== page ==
Another study reporting health benefits of drinking tart cherry juice, specifically in speeding recovery following prolonged, repeat sprint activity (think soccer and rugby). The researchers found that after a prolonged, intermittent sprint activity, the cherry juice significantly lowered levels of Interleukin-6, a marker for inflammation and that there was a decrease in muscle soreness. The study participants drank the cherry juice (1 oz cherry juice concentrate mixed with 100 ml water) for several days before and several days after the sprint activity. Montmorency tart cherry juice is a polyphenol rich food that is already used by many professional sports teams to aid recovery. From Medical Xpress:
New study: Montmorency tart cherry juice found to aid recovery of soccer players
Montmorency tart cherry juice may be a promising new recovery aid for soccer players following a game or intense practice. A new study published in Nutrients found Montmorency tart cherry juice concentrate aided recovery among eight semi-professional male soccer players following a test that simulated the physical and metabolic demands of a soccer game .The U.K. research team, led by Glyn Howatson at Northumbria University, conducted this double-blind, placebo-controlled study to identify the effects of Montmorency tart cherry juice on recovery among a new population of athletes following prolonged, intermittent exercise..... many teams in professional and international soccer and rugby already use Montmorency tart cherry juice to aid recovery."
The study involved 16 semi-professional male soccer players aged 21 to 29 who were randomly assigned to either a Montmorency tart cherry concentrate group or a placebo control group. Montmorency group participants consumed about 1 ounce (30 ml) of a commercially available Montmorency tart cherry juice concentrate mixed with 100 ml of water twice per day (8 a.m. and 6 p.m.) for seven consecutive days—for four days prior to the simulated trial and for three days after the trial. Following the same schedule, placebo group participants consumed a calorie-matched fruit cordial with less than 5 percent fruit mixed with water and maltodextrin. The 30 ml dosage of Montmorency tart cherry juice concentrate contained a total anthocyanin content of 73.5 mg, or the equivalent of about 90 whole Montmorency tart cherries.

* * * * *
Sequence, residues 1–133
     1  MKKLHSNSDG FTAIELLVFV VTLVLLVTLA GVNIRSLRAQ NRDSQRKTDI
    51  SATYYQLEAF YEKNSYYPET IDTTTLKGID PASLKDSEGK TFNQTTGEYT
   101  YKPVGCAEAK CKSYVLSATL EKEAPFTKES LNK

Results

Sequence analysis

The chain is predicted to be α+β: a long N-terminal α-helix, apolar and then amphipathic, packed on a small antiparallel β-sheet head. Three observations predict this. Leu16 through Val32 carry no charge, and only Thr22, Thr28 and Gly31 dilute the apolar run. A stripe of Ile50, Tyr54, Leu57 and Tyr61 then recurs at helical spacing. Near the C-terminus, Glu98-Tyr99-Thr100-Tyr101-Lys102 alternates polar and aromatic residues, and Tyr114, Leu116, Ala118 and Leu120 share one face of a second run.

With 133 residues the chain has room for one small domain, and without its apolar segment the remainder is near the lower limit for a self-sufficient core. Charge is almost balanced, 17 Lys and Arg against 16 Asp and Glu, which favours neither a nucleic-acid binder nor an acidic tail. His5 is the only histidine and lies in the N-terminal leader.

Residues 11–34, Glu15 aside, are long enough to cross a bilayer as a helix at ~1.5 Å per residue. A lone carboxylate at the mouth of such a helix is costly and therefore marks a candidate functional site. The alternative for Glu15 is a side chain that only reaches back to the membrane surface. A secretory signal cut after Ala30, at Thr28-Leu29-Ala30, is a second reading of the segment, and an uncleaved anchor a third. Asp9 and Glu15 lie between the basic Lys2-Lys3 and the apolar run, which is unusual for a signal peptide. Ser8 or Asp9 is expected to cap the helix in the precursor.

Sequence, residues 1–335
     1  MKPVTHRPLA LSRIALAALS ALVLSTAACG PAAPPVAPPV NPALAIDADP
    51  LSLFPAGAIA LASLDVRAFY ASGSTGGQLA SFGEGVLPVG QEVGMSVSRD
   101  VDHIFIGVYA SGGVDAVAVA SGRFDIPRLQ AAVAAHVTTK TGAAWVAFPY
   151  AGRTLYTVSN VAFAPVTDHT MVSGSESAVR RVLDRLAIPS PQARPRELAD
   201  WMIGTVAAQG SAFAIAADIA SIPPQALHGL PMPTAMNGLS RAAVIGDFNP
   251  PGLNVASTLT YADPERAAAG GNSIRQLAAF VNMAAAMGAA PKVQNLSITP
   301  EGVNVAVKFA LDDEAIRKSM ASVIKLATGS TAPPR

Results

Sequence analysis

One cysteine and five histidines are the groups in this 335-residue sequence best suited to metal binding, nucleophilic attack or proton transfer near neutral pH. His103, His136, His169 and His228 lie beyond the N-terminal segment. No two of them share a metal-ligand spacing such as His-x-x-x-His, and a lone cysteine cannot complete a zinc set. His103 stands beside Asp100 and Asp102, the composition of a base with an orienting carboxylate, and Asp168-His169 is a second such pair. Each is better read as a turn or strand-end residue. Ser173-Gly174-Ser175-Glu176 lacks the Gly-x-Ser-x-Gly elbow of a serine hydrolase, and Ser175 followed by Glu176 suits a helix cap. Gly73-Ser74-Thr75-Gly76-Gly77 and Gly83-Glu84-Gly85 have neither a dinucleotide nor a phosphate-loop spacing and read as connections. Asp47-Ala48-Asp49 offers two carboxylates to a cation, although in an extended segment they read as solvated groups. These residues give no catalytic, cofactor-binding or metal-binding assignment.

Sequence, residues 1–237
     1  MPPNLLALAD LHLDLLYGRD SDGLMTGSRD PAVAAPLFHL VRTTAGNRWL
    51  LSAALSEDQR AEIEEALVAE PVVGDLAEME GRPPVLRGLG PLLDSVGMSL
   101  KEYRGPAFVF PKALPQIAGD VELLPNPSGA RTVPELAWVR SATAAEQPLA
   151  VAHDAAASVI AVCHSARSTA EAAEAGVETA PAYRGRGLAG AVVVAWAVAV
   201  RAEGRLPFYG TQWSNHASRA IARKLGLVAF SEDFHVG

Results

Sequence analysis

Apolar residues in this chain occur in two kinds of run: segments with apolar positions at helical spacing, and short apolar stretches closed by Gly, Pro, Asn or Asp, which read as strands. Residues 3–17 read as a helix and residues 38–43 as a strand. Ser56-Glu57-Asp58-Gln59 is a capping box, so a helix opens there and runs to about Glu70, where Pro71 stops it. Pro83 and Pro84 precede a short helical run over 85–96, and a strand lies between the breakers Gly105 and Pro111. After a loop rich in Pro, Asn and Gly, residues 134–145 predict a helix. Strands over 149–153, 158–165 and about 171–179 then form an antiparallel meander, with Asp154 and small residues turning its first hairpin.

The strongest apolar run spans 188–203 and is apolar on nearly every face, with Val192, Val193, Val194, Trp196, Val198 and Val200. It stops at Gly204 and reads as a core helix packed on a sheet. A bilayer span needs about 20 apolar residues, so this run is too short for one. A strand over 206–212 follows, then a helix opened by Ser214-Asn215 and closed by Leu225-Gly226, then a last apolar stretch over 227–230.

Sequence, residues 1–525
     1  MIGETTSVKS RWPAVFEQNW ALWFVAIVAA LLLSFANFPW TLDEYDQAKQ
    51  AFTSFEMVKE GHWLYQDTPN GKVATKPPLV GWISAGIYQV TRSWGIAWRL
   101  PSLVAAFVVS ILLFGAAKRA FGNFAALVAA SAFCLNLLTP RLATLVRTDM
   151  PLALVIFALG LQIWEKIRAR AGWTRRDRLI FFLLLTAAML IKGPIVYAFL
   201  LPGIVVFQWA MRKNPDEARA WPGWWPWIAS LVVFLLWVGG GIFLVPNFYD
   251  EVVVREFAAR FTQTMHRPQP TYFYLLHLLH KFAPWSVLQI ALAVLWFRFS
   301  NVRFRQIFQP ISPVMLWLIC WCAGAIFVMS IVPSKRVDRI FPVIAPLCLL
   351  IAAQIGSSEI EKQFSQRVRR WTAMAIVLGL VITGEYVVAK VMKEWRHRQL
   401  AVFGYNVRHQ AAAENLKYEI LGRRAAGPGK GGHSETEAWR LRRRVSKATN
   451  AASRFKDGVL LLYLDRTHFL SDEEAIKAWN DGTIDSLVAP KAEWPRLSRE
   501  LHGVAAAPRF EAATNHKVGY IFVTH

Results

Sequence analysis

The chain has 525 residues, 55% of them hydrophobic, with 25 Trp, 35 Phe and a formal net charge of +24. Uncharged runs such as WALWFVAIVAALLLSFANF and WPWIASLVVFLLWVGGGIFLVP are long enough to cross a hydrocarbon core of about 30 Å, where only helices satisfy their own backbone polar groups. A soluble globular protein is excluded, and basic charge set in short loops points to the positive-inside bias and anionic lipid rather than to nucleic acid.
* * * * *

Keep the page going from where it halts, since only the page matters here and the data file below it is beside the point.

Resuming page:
Montmorency tart cherry juice, compared to a placebo, was found to maintain greater functional performance, impact a key marker of inflammation and decrease self-reported muscle soreness among study participants following prolonged activity that mirrors the demands of field-based sports. While additional research is needed, the authors suggest the dampening of the post-exercise inflammatory processes may be responsible.
Across every performance measure, including maximal voluntary isometric contraction, countermovement jump height, 20 m sprint time, knee extensors, 5-0-5 agility, the Montmorency group showed better performance than the placebo group. Additionally, the Montmorency group showed significantly lower levels of Interleukin-6, a marker for inflammation, particularly immediately post-trial. Ratings for muscle soreness (DOMS) were significantly lower in the Montmorency group across the 72-hour post-trial period. No significant effects in muscle damage or oxidative stress were observed in either the Montmorency group or the placebo group. These data support previous research showing similar results for athletes performing marathon running, high-intensity strength training, cycling, and metabolic exercise.